1. aimi_aiko
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    aimi_aiko Contributing Member

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    Evaluation Essay : )

    Discussion in 'General Writing' started by aimi_aiko, Sep 9, 2011.

    (Wow, it's been a while since I have posted a topic on the General Writing forum; lol)

    Hi guys, it's been a while since I've been here on WF. Anyway, I've been busy with college classes lately and it's kind of hard to make it online.

    So, in my English class, we were given an assignment to write an Evaluation Essay on a movie of our choice and a specific "element" within that movie. I chose to do my favorite movie and it's plot (The Crow).

    I've been outlining what I will be covering in the essay, but here is my concern:

    I am not familiar with writing essays at all! They even have so many names! (Diagnostic, Evaluation, etc;) But my main concern is how to go about writing this essay without "freezing up" and not knowing where to start.

    Now, I'm not asking you to do my work for me. What I am asking though, is if you would be kind to provide me with some helpful tips to follow when writing an essay. I do, however, have needed information in my college text book, but I'm the kind of person who learns more from others' prospectives. Any thoughts? Suggestions?


    Thanks. ; )
     
  2. Mallory
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    Mallory Mallegory. Contributor

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    Write a brief, solid thesis statement in the beginning.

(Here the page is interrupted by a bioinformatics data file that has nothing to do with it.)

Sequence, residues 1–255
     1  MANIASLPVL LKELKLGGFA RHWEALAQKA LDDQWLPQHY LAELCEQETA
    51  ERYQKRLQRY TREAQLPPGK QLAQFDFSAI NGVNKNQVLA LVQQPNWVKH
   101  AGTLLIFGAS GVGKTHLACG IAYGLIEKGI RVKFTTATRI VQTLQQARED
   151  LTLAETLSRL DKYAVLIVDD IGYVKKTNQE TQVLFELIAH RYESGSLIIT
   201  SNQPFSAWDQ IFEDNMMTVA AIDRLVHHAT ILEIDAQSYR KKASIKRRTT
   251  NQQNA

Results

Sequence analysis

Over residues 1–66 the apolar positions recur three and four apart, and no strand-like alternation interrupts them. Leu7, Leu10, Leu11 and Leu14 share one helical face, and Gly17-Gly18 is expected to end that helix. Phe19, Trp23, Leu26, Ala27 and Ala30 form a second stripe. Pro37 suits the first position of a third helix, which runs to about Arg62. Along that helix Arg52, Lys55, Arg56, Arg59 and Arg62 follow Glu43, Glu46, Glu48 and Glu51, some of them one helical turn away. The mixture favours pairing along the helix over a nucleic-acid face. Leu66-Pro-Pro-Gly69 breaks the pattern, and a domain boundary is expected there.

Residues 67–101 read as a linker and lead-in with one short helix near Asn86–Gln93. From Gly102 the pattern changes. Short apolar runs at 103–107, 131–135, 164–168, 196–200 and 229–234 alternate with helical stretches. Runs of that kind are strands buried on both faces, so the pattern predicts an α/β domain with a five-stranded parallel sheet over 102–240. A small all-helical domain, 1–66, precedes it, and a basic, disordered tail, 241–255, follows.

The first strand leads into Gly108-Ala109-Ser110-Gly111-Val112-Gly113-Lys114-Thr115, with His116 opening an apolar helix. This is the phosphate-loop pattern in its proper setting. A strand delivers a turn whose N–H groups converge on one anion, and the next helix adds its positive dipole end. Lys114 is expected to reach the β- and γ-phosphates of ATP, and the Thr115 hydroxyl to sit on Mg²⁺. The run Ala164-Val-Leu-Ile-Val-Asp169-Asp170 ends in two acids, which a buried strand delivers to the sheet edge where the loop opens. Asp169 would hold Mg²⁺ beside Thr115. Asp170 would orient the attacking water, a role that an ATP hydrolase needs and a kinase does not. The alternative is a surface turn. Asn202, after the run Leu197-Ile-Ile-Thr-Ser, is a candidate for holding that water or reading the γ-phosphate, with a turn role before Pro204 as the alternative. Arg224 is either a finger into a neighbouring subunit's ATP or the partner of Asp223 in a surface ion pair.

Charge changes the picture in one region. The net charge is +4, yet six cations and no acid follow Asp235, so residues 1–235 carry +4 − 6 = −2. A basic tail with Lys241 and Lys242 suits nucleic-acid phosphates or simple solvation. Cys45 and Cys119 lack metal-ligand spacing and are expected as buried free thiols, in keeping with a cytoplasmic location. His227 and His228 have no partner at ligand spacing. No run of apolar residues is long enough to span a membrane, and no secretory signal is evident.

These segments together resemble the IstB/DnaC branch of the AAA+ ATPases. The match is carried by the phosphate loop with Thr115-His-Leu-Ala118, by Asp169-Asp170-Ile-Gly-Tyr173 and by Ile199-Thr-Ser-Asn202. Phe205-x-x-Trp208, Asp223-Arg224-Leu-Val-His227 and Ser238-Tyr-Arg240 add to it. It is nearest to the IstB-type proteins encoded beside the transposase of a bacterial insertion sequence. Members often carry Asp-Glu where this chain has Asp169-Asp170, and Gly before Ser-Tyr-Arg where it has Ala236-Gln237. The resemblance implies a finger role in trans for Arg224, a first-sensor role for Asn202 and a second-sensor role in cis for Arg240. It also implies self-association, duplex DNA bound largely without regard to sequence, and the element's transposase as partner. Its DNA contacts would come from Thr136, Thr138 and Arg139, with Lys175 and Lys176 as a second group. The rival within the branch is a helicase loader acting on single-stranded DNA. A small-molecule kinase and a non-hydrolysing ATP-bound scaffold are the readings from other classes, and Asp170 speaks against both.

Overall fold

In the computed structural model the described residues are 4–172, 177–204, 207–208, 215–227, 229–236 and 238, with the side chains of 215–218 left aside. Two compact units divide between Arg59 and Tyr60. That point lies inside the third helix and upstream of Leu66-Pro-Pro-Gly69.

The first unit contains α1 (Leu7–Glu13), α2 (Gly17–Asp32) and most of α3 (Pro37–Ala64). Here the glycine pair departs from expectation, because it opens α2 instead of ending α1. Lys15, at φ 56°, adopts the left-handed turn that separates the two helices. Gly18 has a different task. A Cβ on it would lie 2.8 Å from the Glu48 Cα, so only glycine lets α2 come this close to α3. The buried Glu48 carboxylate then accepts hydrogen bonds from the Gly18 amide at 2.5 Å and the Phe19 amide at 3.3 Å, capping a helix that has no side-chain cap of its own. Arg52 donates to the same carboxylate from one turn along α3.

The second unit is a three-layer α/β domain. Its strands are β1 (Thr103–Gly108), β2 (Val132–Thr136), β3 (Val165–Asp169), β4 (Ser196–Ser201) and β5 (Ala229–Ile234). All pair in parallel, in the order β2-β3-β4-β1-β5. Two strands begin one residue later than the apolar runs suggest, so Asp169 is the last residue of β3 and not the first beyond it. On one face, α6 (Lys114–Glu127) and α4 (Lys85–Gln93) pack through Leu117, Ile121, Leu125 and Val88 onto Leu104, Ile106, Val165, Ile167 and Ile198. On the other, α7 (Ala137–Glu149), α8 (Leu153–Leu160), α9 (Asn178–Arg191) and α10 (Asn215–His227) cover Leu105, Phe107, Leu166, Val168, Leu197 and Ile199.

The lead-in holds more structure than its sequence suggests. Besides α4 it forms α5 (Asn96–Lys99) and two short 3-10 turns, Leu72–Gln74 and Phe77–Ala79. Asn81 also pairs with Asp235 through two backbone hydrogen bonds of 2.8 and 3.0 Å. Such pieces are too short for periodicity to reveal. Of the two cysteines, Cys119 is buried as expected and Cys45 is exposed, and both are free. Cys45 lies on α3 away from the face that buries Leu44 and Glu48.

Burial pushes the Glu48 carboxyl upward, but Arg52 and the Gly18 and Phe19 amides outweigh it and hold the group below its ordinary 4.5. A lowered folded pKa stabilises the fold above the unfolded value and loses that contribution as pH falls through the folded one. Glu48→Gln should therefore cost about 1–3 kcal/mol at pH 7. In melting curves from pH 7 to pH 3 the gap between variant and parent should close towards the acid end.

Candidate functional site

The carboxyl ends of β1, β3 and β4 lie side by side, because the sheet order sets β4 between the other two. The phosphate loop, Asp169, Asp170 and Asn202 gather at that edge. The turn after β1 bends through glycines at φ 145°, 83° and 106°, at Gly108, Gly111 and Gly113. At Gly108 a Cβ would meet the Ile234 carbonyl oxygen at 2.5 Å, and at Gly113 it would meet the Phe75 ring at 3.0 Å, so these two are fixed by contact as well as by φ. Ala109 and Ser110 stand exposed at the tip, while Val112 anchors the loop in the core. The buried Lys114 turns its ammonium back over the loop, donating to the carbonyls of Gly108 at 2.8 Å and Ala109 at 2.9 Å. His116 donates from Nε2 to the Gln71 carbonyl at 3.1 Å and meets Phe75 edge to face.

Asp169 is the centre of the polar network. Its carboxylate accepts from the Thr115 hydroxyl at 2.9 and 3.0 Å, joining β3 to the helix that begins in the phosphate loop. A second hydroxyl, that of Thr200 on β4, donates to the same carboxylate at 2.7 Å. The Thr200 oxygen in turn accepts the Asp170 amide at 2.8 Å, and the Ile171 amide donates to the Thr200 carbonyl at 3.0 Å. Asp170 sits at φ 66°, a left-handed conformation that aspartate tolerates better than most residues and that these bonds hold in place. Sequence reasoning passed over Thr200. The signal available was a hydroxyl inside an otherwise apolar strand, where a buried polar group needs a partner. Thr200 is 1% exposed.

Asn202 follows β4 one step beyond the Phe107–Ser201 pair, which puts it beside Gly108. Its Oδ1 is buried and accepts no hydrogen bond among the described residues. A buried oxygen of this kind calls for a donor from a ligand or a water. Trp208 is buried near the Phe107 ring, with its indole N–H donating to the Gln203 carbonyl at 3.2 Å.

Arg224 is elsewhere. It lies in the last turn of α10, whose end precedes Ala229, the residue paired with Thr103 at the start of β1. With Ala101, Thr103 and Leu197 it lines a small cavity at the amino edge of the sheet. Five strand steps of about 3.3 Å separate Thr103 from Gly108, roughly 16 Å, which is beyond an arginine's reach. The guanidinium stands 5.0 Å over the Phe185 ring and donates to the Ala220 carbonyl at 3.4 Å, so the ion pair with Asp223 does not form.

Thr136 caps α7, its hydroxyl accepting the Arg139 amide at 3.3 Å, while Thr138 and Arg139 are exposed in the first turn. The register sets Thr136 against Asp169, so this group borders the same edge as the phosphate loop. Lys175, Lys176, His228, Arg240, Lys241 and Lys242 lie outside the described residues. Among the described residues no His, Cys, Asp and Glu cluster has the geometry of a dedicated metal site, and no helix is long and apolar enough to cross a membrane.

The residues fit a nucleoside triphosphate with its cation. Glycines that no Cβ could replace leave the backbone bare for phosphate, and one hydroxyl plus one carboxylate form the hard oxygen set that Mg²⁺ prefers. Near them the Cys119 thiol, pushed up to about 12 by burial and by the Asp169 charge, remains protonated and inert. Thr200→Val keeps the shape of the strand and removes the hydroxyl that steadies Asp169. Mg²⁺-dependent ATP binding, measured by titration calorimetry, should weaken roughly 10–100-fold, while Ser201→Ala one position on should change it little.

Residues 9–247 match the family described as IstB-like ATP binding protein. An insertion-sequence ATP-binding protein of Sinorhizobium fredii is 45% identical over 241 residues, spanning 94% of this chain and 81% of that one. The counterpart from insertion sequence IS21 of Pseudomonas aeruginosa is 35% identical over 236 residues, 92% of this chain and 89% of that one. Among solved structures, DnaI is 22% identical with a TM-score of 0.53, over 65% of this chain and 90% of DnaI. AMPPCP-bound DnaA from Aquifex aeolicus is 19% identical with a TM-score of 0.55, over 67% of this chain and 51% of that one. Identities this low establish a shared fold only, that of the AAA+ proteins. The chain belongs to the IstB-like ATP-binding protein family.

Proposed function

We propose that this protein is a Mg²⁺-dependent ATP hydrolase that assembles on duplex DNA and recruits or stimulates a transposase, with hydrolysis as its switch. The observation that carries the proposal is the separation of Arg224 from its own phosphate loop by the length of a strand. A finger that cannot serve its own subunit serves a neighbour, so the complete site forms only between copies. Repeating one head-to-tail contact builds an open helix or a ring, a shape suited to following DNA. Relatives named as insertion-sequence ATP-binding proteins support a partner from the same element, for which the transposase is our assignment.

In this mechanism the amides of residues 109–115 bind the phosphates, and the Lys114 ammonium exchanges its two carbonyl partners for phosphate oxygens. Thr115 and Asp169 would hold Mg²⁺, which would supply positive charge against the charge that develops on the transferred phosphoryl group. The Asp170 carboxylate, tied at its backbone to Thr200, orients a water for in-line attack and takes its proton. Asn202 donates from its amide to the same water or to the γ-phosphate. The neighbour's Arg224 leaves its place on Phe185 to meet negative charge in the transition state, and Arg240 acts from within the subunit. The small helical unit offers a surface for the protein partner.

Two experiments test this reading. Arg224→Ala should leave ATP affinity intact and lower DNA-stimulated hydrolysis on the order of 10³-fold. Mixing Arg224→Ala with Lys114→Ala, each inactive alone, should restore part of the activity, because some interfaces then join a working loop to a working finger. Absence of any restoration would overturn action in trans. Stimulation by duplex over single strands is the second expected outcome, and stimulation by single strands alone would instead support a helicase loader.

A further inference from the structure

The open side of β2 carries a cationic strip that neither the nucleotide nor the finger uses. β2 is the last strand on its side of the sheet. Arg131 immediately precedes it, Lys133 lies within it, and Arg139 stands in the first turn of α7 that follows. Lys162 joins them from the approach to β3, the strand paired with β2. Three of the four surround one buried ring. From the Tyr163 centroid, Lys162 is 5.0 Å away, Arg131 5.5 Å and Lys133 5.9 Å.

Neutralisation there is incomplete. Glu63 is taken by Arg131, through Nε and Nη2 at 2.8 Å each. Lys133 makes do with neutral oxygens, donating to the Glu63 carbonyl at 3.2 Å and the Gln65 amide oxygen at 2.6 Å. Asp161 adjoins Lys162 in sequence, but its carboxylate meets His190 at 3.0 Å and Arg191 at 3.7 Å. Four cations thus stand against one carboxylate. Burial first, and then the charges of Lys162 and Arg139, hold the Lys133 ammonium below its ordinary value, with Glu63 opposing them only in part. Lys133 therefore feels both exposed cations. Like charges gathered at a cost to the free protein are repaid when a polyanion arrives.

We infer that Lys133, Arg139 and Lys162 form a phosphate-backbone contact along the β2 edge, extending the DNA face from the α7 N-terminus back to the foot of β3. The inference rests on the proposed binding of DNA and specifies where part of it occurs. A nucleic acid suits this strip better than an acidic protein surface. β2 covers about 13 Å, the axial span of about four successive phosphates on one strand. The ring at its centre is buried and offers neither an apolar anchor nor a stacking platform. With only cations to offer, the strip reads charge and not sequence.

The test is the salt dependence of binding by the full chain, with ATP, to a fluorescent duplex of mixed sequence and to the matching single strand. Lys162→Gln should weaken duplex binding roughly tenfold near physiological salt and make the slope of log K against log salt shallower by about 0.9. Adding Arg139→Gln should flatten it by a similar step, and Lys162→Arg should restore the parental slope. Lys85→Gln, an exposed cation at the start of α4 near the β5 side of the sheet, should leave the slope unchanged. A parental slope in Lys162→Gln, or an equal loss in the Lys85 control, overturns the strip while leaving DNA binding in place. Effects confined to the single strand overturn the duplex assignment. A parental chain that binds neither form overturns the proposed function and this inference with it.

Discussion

I had a similar assignment for a college class, but it was the movie "Blackboard Jungle," that was made in the 1950s and deals with themes including racism and sexism.

    I still have my old papers, and I dug this one out...here's the thesis paragraph:

    The movie “Blackboard Jungle” dealt with a variety of themes related to adolescence, schools, marital and professional relationships, and discrimination. This paper focuses on two types of discrimination—racism and sexism—and how each type was portrayed in the movie.

    I'm NOT advocating that you use this but substitute your movie/themes. I'm not in favor of plagarism - just giving an example of how it can be done.

    Once you make the thesis statement, go straight into the analysis. Don't have lots of extraneous fluff.

    Be sure to include specific references, like scenes and quotes, and tie them in naturally to back up the points you're making.

    Hope this helps!
     
  3. aimi_aiko
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    aimi_aiko Contributing Member

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    Don't worry, I'm not in favor of plagerism either, Mallory. : ) Thank you for providing your example, I'm sure it will help me spark some inspiration on how to create my ownthesis statement. And I will also look into including specific references as you've mentioned.

    Thanks again!
     
  4. mammamaia
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    mammamaia nit-picker-in-chief Contributor

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    the example is ok except for tense... film evaluations [= "reviews'] are written in present tense, not past...
     

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